What is MLS?
Well, you didn't call it 'the MLS', which is a good start. Major League Soccer is a 19-year-old professional soccer league featuring teams from the United States and Canada. Creating the league was a requirement for the U.S. hosting the 1994 World Cup and despite some bumps (two teams were contracted in 2001) the league will grow to 24 teams by 2020, has stadiums all over the country and no longer has teams with names like ‘the Wiz' or ‘the Clash'.
Are the players actually any good?
If you're used to watching the likes of Lionel Messi and Cristiano Ronaldo play, MLS players will probably disappoint. But that's not really a very fair comparison, and although there are no world-class talents in the league, the level of play is actually fairly high, and it's only getting better. A few years ago a lack of quality was a major issue, but the league's come along in leaps and bounds recently, and boasts some very watchable matches as well as some household names.
You'll have probably heard of, for example, Clint Dempsey and Michael Bradley, both of whom have held their own in top European Leagues. In fact, MLS could provide as many as seven starters for the U.S. at this summer's World Cup. If you've been following the sport for a while, you'll definitely know New York Red Bulls striker Thierry Henry. And then there are youngsters with the talent to one day be household names, even in Europe. No pressure, Diego Fagundez.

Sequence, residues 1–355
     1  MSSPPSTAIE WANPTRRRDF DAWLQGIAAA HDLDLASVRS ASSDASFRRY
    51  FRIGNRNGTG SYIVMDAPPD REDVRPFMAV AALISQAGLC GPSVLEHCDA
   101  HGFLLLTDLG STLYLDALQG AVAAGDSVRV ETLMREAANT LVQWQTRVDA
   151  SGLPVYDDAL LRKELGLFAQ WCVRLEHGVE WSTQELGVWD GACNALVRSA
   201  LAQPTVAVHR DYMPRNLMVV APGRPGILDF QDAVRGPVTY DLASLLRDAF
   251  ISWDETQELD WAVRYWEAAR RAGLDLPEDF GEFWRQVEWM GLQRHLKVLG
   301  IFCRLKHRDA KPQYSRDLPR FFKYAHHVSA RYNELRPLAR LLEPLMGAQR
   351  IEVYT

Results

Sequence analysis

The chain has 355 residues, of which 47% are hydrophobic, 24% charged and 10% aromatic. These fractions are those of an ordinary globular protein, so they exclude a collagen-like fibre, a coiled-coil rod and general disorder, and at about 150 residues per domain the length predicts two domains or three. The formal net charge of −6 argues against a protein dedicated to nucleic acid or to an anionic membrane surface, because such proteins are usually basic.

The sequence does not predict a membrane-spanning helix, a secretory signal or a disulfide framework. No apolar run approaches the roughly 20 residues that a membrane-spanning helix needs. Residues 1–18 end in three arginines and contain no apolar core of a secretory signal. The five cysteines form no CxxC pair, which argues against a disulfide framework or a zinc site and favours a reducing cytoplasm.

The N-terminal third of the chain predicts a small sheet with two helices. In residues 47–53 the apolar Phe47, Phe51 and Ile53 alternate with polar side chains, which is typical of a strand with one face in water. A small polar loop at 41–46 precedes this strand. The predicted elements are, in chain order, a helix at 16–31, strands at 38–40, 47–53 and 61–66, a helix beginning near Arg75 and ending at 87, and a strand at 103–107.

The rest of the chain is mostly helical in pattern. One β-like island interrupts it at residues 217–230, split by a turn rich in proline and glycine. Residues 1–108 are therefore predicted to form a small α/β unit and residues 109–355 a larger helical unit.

Who's the best team?
It's usually good to start with the defending champions. That would be Sporting KC, led by U.S. internationals Graham Zusi and Matt Besler. Remarkably, this team was foundering at the bottom of the league and playing in a minor-league baseball stadium not too long ago, but now they have a shiny new trophy and a home that looks almost as good.
The Portland Timbers, New York Red Bulls, LA Galaxy and Real Salt Lake all figure to challenge Sporting this season, just as they did a year ago, but expect there to be some surprises. MLS always has one random team that looks awful on paper and is somehow good. Just don't bet on it being D.C. United or Chivas USA, MLS's current dumpster fires.
What's all this stuff I've heard about messing with offsides and not allowing draws?
We prefer to pretend that the 1990s never happened. Don't worry, MLS plays by FIFA rules now.
Why else should I pay attention?
Because it's fun, mostly. MLS fans have imported most of the best bits of worldwide soccer culture -- the tifo (soccerese for ‘big awesome drawing'), the mass chanting, the flags -- and managed to avoid things like stabbing each other in the legs for wearing the wrong colors.